DIY Backyard Water Wall with PVC Pipes
By Jennifer Tammy, Sugar, Spice and Glitter
Sep 8, 2017
Now that I own my own home, one of my favourite side projects has been setting up the backyard to be a pretty place for me and a fun place for the kids.
We’ve been slowly working on making a life-size fairy garden and building a treehouse fort that comes right off of the deck, but I also wanted a project that would be fun and interactive for the kids while keeping them cool — especially since we no longer have a splashpad within walking distance.
This easy and affordable water wall can be customized according to whichever materials you already have on hand, or what you’re easily able to source.
I had a very specific idea in mind and I allowed myself to be convinced by a hardware store employee to buy something else after I explained what I was looking for and why… and let’s just say, his ideas did not work for what I wanted so I ended up wasting a bunch of time trying to make the materials from him work before eventually having to go back for more materials. All that to say, be confident and buy materials that you can practically see working for your water wall, even if they are different than what I’m describing here. The important thing is that you can work with them and use them to enact your vision.
Also, another delay that occurred in making our water wall was the Plexiglas. You can skip this by finding some fleeting (sheet metal) and using that instead, but I had a vision…
Plexiglas can be pretty pricey so call around; our thick square was about $100 including delivery.
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- Large piece of Plexiglas or fleeting (if using a thin piece, you will need to secure it to the fence)
- Several PVC pipes, 1” diameter
- Several PVC connectors, 1” diameter
- Soft plastic piping, 1” diameter
- Table saw
- Suction cups
- Small screws
- Cups (to transport water)
- Bucket (to hold all pipes in)
- Strong glue (E6000)
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1. Cut the soft and hard plastic piping into different sizes.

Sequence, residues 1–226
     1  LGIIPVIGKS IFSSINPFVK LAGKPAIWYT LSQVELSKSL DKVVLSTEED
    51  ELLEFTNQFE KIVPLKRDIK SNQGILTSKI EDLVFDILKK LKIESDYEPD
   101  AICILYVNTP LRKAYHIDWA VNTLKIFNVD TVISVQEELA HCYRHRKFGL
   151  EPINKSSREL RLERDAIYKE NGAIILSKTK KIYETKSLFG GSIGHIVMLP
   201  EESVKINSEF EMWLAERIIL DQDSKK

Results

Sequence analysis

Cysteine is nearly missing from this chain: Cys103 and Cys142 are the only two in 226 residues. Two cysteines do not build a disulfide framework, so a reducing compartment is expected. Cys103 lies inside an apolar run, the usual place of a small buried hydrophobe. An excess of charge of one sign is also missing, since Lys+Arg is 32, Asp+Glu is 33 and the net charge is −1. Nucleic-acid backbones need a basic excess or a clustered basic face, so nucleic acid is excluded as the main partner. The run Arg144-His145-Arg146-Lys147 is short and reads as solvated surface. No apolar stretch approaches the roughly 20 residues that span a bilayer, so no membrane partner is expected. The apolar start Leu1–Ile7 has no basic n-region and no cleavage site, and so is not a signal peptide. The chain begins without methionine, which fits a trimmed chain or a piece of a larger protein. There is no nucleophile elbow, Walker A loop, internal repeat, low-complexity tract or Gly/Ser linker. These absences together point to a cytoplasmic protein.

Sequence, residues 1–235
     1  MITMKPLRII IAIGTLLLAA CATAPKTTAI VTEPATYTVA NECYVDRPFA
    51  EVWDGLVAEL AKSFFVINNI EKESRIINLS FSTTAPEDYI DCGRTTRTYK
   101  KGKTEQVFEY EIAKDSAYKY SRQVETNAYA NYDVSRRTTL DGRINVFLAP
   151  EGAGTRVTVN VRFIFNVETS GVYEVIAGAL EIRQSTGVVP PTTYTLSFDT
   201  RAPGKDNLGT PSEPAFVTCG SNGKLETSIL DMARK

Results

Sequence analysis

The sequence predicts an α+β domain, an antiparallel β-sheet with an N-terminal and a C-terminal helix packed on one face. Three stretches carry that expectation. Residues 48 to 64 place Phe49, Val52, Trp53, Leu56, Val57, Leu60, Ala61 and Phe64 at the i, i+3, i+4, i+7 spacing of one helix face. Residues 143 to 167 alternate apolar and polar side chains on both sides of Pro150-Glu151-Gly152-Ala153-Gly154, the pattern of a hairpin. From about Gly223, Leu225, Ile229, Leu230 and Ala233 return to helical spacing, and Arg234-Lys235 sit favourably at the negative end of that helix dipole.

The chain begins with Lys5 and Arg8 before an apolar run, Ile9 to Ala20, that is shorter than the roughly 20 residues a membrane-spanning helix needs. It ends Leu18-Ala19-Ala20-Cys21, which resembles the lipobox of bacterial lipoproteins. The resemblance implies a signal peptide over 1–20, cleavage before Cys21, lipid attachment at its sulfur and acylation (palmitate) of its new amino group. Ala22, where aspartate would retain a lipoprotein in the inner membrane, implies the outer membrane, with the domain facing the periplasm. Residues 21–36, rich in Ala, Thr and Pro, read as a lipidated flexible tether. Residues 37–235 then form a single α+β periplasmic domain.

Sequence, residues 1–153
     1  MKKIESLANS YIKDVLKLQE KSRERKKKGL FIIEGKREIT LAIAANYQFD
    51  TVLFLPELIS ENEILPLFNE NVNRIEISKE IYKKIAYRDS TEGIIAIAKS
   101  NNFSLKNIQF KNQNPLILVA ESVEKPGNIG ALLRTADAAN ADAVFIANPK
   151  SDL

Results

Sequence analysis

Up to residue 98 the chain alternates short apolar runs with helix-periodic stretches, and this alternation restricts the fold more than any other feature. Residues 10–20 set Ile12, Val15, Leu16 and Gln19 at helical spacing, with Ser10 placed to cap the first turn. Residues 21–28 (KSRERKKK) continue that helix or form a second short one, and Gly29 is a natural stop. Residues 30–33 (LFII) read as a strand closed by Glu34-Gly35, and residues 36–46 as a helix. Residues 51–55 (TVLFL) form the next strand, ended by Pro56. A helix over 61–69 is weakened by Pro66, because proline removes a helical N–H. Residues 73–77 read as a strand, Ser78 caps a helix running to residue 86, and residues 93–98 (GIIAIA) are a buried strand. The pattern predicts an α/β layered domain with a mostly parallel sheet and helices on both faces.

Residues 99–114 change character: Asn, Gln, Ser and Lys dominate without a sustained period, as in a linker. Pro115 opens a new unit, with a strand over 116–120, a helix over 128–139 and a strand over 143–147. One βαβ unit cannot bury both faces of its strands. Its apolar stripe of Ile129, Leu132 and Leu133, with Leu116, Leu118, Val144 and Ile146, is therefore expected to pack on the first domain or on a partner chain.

2. For the PVC piping, you will need to drill holes into one side of the pipes that are the same size as the suction cup ends — this is harder than normal drilling as the drill bit will want to go off the circular edge, so make sure you wear protective clothing and don’t have the kids help with this. It’s a difficult task, even for an adult.
3. Using a strong glue, fit the suction cups into the holes. Let dry.
4. For the soft piping, you’re going to use the U-clips to make a “suction cup bridge.” Screw the suction cups onto each end of the U-clip, ensuring that you use screws that are wide enough to not go all the way through the U-clip hole and short enough to not go past the suction cup end.
5. Check that your connectors and funnels all fit into the pipes and place your bucket of “building materials” and PVC in the yard in an area you don’t mind getting wet!
6. To play, soak down the PVC and give the kids a giant bucket of water. Show them how to use the suction cups to attach the pipes to the walls, and how they can create connections to “carry” the water from one place to another.
And let them have at it! This is a great way for kids to practice their creative problem solving and engineering skills throughout the day while staying cool and having fun in the sun.
When the Canadian winter inevitably rears its ugly head, you can bring these pipes indoors and use them for a bath tub water wall.
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